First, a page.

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Greenpeace has been a fly in the ointment of the consumer electronics industry with its Greener Electronics Guide, which has delivered some harsh scores to gadget-makers over the years. Now, the group is tackling the IT industry: Greenpeace says the IT industry has shown “inadequate leadership […]

Greenpeace has been a fly in the ointment of the consumer electronics industry with its Greener Electronics Guide, which has delivered some harsh scores to gadget-makers over the years. Now, the group is tackling the IT industry: Greenpeace says the IT industry has shown “inadequate leadership in tackling climate change,” and it has launched the “Greenpeace Cool IT Challenge,” which ranks IT firms like Sun, IBM, Cisco and Microsoft according to their climate change fighting efforts.

greenpeaceITrank

As with the first surveys of gadget makers, not a single IT firm out of the more than a dozen featured scored above a 30 out of a score of 100. Basically, Greenpeace failed the lot of them. (That’s Greenpeace’s strategy — it likes to be the stern school teacher.) IBM, Sun and Dell were the leaders, while Sony, Sharp and Toshiba were the losers. The scorecard ranks companies on the basis of three sectors: political advocacy (how many speeches the CEO has given and the number of company’s public statements); how much the company reduced its emissions; and the biggest factor, worth 50 points, how the company producing is helping to establish and follow emissions reductions best practices.

While I applaud Greenpeace for trying to needle the IT industry into delivering more climate change leadership and emissions reductions, the IT industry has actually been one of the leading sectors of business to move in this direction first. IT company leaders like Google’s CEO Eric Schmidt (the search engine giant wasn’t ranked on the scorecard, but Greenpeace says it will be next time) have been very aggressive on political advocacy, adopting energy efficiency and investing in cleantech. The IT industry can always stand to do more — as Greenpeace says, it has the potential to cut 15 percent of global greenhouse gas emissions by 2020 — but why doesn’t the organization release a scorecard for industries that need to be whipped into shape even more, like construction and building?

Ultimately, the marketplace will be a substantial driver for emissions reductions (saving money by saving energy), so as IT companies get more comfortable with managing emissions reductions, and when the U.S. gets some carbon regulations, we’ll see some of these rankings go up dramatically on the next ranking set to be released in August or September.

  1. [...] players around the web (NewTeeVee) Apple gives white MacBook a nice little spec bump (TheAppleBlog) Greenpeace thinks IT industry’s climate change-fighting efforts inadequate (Earth2Tech) [...]

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  2. [...] Written by Justin Moresco No Comments Posted May 27th, 2009 at 1:00 pm in Energy While Greenpeace is busy scoring and scolding the IT industry and its CEOs for a lack of leadership when it comes to climate change, [...]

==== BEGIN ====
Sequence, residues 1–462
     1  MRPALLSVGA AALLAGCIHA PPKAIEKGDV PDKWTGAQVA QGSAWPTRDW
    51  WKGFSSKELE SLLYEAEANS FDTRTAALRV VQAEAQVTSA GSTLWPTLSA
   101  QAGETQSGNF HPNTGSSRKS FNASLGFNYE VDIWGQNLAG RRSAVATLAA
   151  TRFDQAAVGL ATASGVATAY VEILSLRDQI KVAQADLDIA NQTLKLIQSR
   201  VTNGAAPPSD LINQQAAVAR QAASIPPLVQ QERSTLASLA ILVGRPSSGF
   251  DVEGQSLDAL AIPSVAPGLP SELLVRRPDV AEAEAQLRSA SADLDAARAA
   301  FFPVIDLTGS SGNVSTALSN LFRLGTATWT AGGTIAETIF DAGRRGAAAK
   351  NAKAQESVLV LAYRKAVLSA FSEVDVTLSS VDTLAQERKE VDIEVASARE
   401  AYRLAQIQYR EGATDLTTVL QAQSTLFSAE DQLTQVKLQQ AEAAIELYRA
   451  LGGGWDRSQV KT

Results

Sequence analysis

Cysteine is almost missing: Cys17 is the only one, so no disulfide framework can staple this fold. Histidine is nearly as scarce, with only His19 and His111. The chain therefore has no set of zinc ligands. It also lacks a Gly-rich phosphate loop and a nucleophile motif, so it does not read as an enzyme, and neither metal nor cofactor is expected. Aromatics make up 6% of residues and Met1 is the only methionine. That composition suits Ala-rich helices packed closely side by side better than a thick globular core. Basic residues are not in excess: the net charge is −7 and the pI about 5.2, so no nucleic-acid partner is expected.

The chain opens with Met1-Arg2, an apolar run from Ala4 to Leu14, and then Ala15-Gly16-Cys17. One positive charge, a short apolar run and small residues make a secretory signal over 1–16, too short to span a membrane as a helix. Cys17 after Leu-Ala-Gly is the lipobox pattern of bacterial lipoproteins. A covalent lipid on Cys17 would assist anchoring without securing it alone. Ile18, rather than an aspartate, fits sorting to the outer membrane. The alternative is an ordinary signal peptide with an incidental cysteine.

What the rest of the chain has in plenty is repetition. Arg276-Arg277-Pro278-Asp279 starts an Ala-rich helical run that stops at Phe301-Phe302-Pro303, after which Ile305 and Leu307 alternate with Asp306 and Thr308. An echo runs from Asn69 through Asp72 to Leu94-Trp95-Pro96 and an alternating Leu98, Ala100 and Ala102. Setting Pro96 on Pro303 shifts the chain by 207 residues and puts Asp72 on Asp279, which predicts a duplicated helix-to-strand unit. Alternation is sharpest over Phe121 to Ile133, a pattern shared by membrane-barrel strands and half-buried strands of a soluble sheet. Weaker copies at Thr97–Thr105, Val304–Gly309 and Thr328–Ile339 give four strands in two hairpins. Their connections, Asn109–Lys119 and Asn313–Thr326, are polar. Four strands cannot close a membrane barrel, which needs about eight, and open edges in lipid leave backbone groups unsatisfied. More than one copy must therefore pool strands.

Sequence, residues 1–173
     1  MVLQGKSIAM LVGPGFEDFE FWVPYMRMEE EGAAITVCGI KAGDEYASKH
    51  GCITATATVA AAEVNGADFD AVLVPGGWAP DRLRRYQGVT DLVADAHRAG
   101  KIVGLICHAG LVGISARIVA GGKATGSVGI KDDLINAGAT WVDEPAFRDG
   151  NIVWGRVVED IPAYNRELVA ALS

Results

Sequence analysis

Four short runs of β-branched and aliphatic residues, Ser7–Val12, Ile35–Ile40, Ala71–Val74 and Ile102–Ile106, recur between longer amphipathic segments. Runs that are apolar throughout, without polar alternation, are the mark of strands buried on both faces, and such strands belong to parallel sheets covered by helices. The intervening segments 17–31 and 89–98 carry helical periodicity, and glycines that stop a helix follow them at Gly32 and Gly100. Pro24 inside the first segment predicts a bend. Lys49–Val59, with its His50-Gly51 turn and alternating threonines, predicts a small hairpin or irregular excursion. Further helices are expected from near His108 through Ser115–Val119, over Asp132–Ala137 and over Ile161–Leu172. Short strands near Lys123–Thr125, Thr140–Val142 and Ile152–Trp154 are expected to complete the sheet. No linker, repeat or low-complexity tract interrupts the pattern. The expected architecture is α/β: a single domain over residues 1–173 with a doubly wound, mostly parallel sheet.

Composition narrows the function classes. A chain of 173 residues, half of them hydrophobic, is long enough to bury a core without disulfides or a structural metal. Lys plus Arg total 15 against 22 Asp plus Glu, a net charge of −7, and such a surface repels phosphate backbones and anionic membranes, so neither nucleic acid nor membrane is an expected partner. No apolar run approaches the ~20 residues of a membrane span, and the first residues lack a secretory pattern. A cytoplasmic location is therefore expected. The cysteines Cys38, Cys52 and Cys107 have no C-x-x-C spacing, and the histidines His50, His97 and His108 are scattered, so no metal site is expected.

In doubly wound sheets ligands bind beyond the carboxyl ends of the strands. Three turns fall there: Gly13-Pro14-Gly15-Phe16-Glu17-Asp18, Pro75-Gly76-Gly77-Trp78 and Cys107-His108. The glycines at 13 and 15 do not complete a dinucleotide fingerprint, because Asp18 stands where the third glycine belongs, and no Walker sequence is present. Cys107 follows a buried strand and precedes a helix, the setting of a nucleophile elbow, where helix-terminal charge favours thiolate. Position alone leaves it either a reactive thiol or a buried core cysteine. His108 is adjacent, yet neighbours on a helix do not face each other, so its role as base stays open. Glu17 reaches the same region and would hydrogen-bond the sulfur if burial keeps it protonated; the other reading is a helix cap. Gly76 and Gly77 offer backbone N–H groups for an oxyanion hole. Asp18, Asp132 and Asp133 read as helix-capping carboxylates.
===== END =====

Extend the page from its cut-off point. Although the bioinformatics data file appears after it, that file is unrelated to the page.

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  3. [...] Greenpeace is busy scoring and scolding the IT industry and its CEOs for a lack of leadership when it comes to climate change, [...]

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  4. [...] players around the web (NewTeeVee) Apple gives white MacBook a nice little spec bump (TheAppleBlog) Greenpeace thinks IT industry’s climate change-fighting efforts inadequate [...]

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  5. [...] players around the web (NewTeeVee) Apple gives white MacBook a nice little spec bump (TheAppleBlog) Greenpeace thinks IT industry’s climate change-fighting efforts inadequate [...]

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  6. [...] Greenpeace looks at IT companies’ efforts to trim energy use and emissions and flunks the lot of them, in Earth2Tech. [...]

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  7. [...] PC and mobile makers have room for improvement, we’ve long argued that the IT industry has been one of the sectors leading the embrace of greener policies, from [...]

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  8. [...] Greenpeace lanzó el desafío es que se enfríe en 2009 , con la idea de que las empresas están en una posición única para liderar el mundo empresarial en la lucha contra el cambio climático mediante la innovación tecnológica, liderazgo en la política y la huella de carbono herramientas de gestión. En particular, un estudio de The Climate Group ha encontrado que puede reducir las emisiones de carbono mundiales en todos los sectores un 15 por ciento, utilizando la tecnología diversas como la de redes inteligentes, edificios inteligentes, transporte, logística y de Internet para desmaterialización (en sustitución de átomos con bits). (Verde: Net estudiará más detenidamente en estos sectores). [...]

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